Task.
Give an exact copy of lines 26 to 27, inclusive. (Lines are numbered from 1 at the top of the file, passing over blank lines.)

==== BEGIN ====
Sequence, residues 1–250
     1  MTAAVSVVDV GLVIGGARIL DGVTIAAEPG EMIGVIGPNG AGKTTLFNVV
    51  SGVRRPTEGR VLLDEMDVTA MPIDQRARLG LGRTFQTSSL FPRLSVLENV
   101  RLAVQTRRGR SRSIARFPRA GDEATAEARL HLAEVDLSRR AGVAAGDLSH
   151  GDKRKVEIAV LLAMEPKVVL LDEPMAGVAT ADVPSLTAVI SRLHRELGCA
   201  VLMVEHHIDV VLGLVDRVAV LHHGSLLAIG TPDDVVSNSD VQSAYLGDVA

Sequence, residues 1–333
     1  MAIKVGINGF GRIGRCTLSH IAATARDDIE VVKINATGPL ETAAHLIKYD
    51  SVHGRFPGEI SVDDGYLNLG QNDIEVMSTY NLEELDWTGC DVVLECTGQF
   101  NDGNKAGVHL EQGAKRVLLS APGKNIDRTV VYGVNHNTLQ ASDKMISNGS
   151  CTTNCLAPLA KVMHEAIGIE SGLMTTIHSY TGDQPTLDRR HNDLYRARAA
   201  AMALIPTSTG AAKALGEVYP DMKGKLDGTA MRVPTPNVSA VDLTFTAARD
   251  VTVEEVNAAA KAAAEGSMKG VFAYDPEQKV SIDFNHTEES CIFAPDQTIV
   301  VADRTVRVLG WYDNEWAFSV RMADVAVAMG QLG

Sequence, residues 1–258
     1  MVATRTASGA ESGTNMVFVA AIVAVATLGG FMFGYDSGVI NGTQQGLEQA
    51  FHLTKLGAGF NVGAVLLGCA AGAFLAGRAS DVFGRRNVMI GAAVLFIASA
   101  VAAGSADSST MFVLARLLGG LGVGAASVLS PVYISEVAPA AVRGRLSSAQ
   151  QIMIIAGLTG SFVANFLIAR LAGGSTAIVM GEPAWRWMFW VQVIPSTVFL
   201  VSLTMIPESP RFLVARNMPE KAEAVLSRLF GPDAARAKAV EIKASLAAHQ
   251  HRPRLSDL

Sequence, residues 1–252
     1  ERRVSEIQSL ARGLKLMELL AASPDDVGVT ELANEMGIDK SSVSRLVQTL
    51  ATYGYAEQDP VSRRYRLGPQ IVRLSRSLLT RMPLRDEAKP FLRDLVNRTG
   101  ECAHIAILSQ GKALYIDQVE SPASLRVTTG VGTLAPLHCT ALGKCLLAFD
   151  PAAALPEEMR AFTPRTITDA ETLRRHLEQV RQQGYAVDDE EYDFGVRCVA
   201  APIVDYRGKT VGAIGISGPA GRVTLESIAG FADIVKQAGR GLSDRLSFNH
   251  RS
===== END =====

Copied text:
   151  PAAALPEEMR AFTPRTITDA ETLRRHLEQV RQQGYAVDDE EYDFGVRCVA
   201  APIVDYRGKT VGAIGISGPA GRVTLESIAG FADIVKQAGR GLSDRLSFNH